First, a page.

We may believe perhaps that to pay a little visit to these heavenly places on Sundays, or now and then in times of spiritual exaltation, may be within the range of possibility; but to be actually “seated” there every day and all day long is altogether another matter; and yet it is very plain that it is for Sundays and week-days as well.

A quiet spirit is of inestimable value in carrying on outward activities; and nothing so hinders the working of the hidden spiritual forces, upon which, after all, our success in everything really depends, as a spirit of unrest and anxiety.

There is immense power in stillness. A great saint once said, “All things come to him who knows how to trust and be silent.” The words are pregnant with meaning. A knowledge of this fact would immensely change our ways of working. Instead of restless struggles, we would “sit down” inwardly before the Lord, and would let the Divine forces of His Spirit work out in silence the ends to which we aspire. You may not see or feel the operations of this silent force, but be assured it is always working mightily, and will work for you, if you only get your spirit still enough to be carried along by the currents of its power.
–Hannah Whitall Smith


“There is a point of rest
At the great center of the cyclone’s force,
A silence at its secret source;
A little child might slumber undisturbed,
Without the ruffle of one fair curl,
In that strange, central calm, amid the mighty whirl.”

Praise & Worship: April 27th, 2012

Song List

1a.  Reason To Sing-  All Sons And Daughters

1.  Breathe On Me Now-  Kathryn Scott

2.  Glory Bound-  Wailin’ Jennys

3.  Eternity-  Brian Doerksen/ Vineyard

4.  From The Inside Out-  Hillsong

5.  Once Again-  Matt Redman

6. Perfect Peace-  Laura Story

7.  Humble King-  Brenton Brown/Vineyard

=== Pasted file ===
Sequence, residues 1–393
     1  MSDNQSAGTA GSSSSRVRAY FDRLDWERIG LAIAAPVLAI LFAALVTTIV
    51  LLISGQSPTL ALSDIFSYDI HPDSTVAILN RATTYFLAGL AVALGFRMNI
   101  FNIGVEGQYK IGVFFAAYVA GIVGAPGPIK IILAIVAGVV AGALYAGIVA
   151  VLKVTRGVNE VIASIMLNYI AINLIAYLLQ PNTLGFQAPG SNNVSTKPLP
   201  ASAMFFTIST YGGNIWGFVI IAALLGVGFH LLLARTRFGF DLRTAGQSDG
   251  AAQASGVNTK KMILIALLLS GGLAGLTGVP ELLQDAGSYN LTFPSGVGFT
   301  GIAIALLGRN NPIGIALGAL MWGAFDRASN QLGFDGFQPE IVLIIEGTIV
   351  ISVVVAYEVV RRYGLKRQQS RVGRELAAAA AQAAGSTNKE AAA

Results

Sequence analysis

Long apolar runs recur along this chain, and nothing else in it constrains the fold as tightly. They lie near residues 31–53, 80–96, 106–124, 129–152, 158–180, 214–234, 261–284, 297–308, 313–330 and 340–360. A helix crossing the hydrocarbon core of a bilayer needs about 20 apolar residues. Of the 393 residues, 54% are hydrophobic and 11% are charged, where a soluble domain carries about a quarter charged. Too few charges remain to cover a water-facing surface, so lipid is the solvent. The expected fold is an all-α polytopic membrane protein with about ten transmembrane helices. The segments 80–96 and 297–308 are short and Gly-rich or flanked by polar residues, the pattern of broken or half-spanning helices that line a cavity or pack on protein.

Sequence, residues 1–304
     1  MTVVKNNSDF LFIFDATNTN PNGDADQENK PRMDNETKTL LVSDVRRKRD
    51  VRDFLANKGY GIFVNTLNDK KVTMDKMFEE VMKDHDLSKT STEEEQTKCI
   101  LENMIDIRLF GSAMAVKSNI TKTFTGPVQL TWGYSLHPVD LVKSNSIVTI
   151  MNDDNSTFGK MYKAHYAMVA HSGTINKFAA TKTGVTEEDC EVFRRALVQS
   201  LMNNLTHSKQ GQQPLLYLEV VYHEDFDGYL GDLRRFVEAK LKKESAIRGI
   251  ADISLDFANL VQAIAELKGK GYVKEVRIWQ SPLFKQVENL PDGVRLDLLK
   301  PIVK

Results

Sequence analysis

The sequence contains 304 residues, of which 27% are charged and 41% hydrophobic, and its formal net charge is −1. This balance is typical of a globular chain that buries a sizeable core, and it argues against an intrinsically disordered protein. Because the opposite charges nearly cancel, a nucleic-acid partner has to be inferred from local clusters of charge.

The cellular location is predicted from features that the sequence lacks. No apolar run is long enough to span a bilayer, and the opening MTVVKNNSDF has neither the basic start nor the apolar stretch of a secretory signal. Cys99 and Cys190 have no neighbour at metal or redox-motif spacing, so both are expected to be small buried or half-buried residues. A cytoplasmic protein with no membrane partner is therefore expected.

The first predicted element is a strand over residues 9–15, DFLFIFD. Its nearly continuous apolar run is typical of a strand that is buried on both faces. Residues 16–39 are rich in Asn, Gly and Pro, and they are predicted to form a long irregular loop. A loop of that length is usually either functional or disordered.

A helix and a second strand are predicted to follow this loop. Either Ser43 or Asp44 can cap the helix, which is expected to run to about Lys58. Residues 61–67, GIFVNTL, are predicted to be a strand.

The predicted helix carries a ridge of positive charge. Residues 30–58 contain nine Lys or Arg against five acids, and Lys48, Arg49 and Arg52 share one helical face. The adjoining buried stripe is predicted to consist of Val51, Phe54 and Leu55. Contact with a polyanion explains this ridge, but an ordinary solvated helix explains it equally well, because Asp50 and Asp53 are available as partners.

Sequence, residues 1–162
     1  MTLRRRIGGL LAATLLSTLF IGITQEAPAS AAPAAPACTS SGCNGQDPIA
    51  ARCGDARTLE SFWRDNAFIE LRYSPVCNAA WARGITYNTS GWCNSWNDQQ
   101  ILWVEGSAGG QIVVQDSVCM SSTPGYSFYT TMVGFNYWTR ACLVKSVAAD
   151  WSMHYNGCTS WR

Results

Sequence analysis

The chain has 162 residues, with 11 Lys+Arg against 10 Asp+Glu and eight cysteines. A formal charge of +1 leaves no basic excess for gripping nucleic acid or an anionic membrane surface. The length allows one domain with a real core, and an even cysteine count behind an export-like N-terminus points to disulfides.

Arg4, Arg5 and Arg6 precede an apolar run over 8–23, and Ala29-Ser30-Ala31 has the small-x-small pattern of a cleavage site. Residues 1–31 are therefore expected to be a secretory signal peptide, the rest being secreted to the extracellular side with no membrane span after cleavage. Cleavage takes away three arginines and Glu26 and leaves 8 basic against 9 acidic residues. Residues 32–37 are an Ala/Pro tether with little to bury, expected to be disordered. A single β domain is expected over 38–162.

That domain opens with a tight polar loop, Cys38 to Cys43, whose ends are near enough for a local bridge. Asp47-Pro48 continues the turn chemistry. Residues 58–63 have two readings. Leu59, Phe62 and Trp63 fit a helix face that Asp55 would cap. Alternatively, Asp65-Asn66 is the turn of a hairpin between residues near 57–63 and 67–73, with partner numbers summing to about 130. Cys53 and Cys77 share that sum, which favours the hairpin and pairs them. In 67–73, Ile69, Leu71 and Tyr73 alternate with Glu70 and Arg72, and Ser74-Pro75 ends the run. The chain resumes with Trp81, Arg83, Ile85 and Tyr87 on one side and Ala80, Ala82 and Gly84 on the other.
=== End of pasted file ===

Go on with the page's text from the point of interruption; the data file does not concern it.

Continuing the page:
8.  Clean Before My Lord-  Honeytree

9.  Jesus Messiah-  Chris Tomlin

10.  Does Anybody Hear Her?-  Casting Crowns

11.  Abba Father-  Vineyard


Children With Autism Are Often Targeted By Bullies


Taken from NPR  which is located   HERE.

Lots of kids get bullied. But kids with autism are especially vulnerable.

A new survey by the Interactive Autism Network found that nearly two-thirds of children with autism spectrum disorders have been bullied at some point. And it found that these kids are three times as likely as typical kids to have been bullied in the past month.

The survey of parents of more than 1,100 children with autism found that bullies often pick on kids like Abby Mahoney, who is 13 and has Asperger’s syndrome.

Abby, who lives near Baltimore, describes herself as “cool, different” and “a big geek.” When she gets interested in something like Star Wars, she says, she gets really passionate about it.

“I’ve memorized nearly everything about Star Wars there is to know,” Abby says, adding that she used to go to school dressed like Princess Leia. And when she got to school, she was sometimes so hyper that she literally bounced off the classroom walls, she says.

All of that made her an easy target for one boy.

“Every time I’d walk by, he’d call: “Police, police, take her back to the insane asylum,’ ” Abby says. “The other kids would run in and say, ‘We’re the police.’ And then they’d chase me.”

It didn’t help that Abby responded by fending off her pursuers with an imaginary lightsaber.

For a long time, Abby didn’t tell her teachers about the bullying. When she did, things got worse. And when she finally stood up to the kids tormenting her, she says, it didn’t go well.

“I seem to remember telling the boys, ‘You’re mean to me,’ or something like that,” Abby says. “They ran after me, and that ringleader, he threw a chessboard at my head.”

It missed. But Abby’s mom, Patricia Mahoney, says she realized something had to change.

Abby’s problems at school started long before the bullying, Mahoney says. Her daughter desperately wanted friends, she says, but her unusual behavior and interests made them hard to find.

“I remember she would go up to 5-year-olds on the playground and say, ‘You want to play Celts and Romans?’ ” Mahoney says. “And so she spent most of recess playing under a bush.”

As Abby got older, her differences stood out more. And when the bullying started, Abby didn’t seem to get what was going on in the minds of her tormentors, Mahoney says.

“She wouldn’t consider them off-limits to try to interact with because she just wanted friends,” Mahoney says. Mahoney wondered, “Why are you going to hang out with kids who have been so cruel to you?”

Eventually, she pulled her daughter out of school and quit her job so she could educate Abby at home for the next two years.

“Home schooling was really great,” Mahoney says, because Abby is so bright and interested in learning. But Mahoney realized her daughter also needed to learn how to interact with other kids.

So now Abby is in a school for kids with autism. And it’s working. Abby has made friends and has been chosen to star in the school’s production of the musical Annie.